Peter Sagan, the cyclist whose inappropriate actions have sparked widespread debate about sexism in cycling, has apologised for his actions in a video message.
The Slovakian, who until last week was best known for his wacky victory celebrations, was unable to keep his hands to himself when on the podium at the Ronde of Flanders classic.
As podium girl Maja Leye leaned in to kiss the cheek of Swiss winner Fabian Cancellara, Sagan pinched her bottom.
Sagan, who came second in the race, has now apologised for the incident, saying in a video message released today: "I am so sorry and I hope that Maja and anyone else I have offended knows how sorry I am. I promise to act more respectfully in the future."
The 23-year-old rising star had already tried to make amends on Twitter last week when he wrote: "Was not my intention to disrespect women today on the podium. Just a joke, sorry if someone was disturbed about it."
Photographs of the incident led to social media outrage.
Michael Hutchinson, top British cyclist and 2012 Irish Time Trials National Champion, tweeted: “Shame that Peter Sagan has so much class on a bike and so very little off it.”
UCI World cycling champion and Irish Paracycling Team member Colin Lynch wrote: “Despite the symbolism of being kissed by scantily-clad women & then spraying champagne all over the place, groping them before is [off] limits.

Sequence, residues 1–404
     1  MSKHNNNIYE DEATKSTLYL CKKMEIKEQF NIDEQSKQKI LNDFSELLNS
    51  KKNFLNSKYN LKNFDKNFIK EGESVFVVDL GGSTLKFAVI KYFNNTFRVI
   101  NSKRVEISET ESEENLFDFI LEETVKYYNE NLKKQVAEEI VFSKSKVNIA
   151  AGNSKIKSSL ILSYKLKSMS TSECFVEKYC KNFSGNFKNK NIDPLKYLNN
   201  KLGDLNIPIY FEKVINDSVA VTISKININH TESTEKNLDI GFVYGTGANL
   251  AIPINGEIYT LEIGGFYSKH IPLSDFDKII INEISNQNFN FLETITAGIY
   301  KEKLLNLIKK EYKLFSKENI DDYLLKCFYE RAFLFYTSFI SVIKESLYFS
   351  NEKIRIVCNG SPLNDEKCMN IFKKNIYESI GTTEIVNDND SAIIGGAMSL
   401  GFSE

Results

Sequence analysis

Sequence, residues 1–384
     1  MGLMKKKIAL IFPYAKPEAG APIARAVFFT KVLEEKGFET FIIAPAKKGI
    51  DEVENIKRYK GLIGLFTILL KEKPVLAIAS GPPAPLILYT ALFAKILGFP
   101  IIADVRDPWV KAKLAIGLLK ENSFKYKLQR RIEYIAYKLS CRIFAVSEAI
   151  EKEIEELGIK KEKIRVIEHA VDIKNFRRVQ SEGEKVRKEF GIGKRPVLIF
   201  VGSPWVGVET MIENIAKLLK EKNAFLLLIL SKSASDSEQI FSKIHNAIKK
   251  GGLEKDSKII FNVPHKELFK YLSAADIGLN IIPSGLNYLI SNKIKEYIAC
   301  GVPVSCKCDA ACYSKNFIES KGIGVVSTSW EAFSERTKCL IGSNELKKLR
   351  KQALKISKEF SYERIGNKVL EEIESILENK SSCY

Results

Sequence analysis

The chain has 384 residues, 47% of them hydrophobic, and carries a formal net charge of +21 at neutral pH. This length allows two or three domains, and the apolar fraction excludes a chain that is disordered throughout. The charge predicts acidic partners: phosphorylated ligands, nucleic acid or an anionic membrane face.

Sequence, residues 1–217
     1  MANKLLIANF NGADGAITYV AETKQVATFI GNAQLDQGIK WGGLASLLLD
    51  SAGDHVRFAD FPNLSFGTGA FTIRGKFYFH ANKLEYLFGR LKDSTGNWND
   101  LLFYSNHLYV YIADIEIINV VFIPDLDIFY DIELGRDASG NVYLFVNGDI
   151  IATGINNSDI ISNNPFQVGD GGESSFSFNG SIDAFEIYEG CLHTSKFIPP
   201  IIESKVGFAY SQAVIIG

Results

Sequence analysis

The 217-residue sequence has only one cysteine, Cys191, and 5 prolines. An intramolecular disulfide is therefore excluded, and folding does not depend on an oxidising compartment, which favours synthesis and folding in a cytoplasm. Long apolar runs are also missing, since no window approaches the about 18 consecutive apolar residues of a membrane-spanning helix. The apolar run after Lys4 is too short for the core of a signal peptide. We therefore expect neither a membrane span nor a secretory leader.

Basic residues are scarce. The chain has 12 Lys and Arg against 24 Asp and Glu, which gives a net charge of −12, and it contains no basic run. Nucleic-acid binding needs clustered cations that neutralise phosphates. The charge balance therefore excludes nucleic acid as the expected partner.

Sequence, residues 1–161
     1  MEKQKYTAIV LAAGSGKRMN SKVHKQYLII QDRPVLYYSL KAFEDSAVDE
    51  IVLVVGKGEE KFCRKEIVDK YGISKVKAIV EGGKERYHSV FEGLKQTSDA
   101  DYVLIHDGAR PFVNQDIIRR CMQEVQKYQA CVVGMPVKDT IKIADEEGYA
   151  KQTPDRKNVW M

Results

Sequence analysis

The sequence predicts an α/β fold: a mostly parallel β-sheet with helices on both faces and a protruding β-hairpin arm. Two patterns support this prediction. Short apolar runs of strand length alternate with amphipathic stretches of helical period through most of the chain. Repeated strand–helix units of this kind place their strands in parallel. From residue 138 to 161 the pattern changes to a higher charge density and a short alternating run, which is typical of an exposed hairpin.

“The podium move by Sagan was like school on Sunday. No class.”
Other cycling enthusiasts pointed a feminist finger.
Jane Aubrey, editor of Australian cyclingnews.com, tweeted: “Anyone excusing Sagan's behaviour due to his age, needs to think again. In the workplace, it's called harassment.”
Adam Tranter, editor of website Cyclosport, retweeted the picture and wrote: “The moment you realise Sagan is actually just a bit of an idiot.”
And Dave Dee, cyclist from the Wirral, said: “Now a chance for enlightened tour organisers to drop podium girls.”
Podium girls are a tradition in cycling races, although in recent years they have sometimes been replaced by podium men – or podium people, to give them their non-sexist, all-for-equality name.
Competition to be picked as a hostess can be fierce. The Tour de France organisers have to whittle down a pool of 500 applicants to 50. The job description includes presenting stage awards, serving as ambassadors for various race sponsors, dressing in the appropriate outfit for presentations – polka dot for mountain climbs; yellow for overall title contenders - as well as touching tastefully-painted lips to sweaty cyclists’ cheeks.